Most Swiss voters rejected the proposal for an unconditional basic income on June 5, but a few districts bucked the national trend. Why? (RTS, swissinfo.ch)
The proposal was turned down by 76.9% of voters, with all 26 of the country's cantons coming out against. Only one commune in western Switzerland and a few districts in the cities of Geneva and Zurich were in favour. Geneva's Pâquis district was one area where over 50% of voters approved the initiative.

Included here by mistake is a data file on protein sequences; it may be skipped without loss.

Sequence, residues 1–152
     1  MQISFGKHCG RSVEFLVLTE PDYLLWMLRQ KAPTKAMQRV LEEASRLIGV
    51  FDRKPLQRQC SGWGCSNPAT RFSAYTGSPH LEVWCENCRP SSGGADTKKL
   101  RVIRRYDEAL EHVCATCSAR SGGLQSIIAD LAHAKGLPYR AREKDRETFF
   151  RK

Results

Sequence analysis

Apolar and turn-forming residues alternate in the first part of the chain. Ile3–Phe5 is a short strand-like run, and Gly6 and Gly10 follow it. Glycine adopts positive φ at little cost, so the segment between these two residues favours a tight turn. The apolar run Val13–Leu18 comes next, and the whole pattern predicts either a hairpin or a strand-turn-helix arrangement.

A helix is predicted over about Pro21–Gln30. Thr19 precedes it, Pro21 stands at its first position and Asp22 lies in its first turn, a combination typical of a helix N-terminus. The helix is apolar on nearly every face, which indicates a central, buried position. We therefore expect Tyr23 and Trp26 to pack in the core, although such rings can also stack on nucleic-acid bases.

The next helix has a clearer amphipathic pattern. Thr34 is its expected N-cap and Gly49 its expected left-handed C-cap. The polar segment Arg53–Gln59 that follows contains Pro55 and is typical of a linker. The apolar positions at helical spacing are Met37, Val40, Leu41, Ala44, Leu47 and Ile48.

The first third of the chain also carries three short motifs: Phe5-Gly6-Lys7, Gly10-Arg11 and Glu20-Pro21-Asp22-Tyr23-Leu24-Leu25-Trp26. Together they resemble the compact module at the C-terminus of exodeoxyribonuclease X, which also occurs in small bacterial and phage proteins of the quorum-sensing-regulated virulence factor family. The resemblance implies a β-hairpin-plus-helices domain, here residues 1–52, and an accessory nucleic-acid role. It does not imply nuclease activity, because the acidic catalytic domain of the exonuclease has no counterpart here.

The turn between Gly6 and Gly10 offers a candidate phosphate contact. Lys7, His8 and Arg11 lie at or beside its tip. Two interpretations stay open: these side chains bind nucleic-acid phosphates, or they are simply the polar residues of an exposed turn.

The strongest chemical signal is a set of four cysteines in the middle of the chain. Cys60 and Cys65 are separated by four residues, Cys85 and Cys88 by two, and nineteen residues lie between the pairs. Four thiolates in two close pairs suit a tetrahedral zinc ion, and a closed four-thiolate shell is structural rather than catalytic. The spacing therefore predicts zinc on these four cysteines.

The proposal aimed at reforming the cumbersome existing social security systems, boosting volunteer work and softening the impact of social disruption caused by technological change.
A monthly figure of CHF2,500 ($2,510) per adult and CHF625 for minors was mentioned in the campaign – which is slightly higher than the current maximum monthly state old age pension allowance and corresponds to what is considered the breadline in Switzerland.
After the vote, Interior Minister Alain Berset said the clear outcome was a public endorsement of the existing social security system in Switzerland “and there is no need for a revolution". He added that the government was aware of need to adapt the system and the challenges of a further industrial development.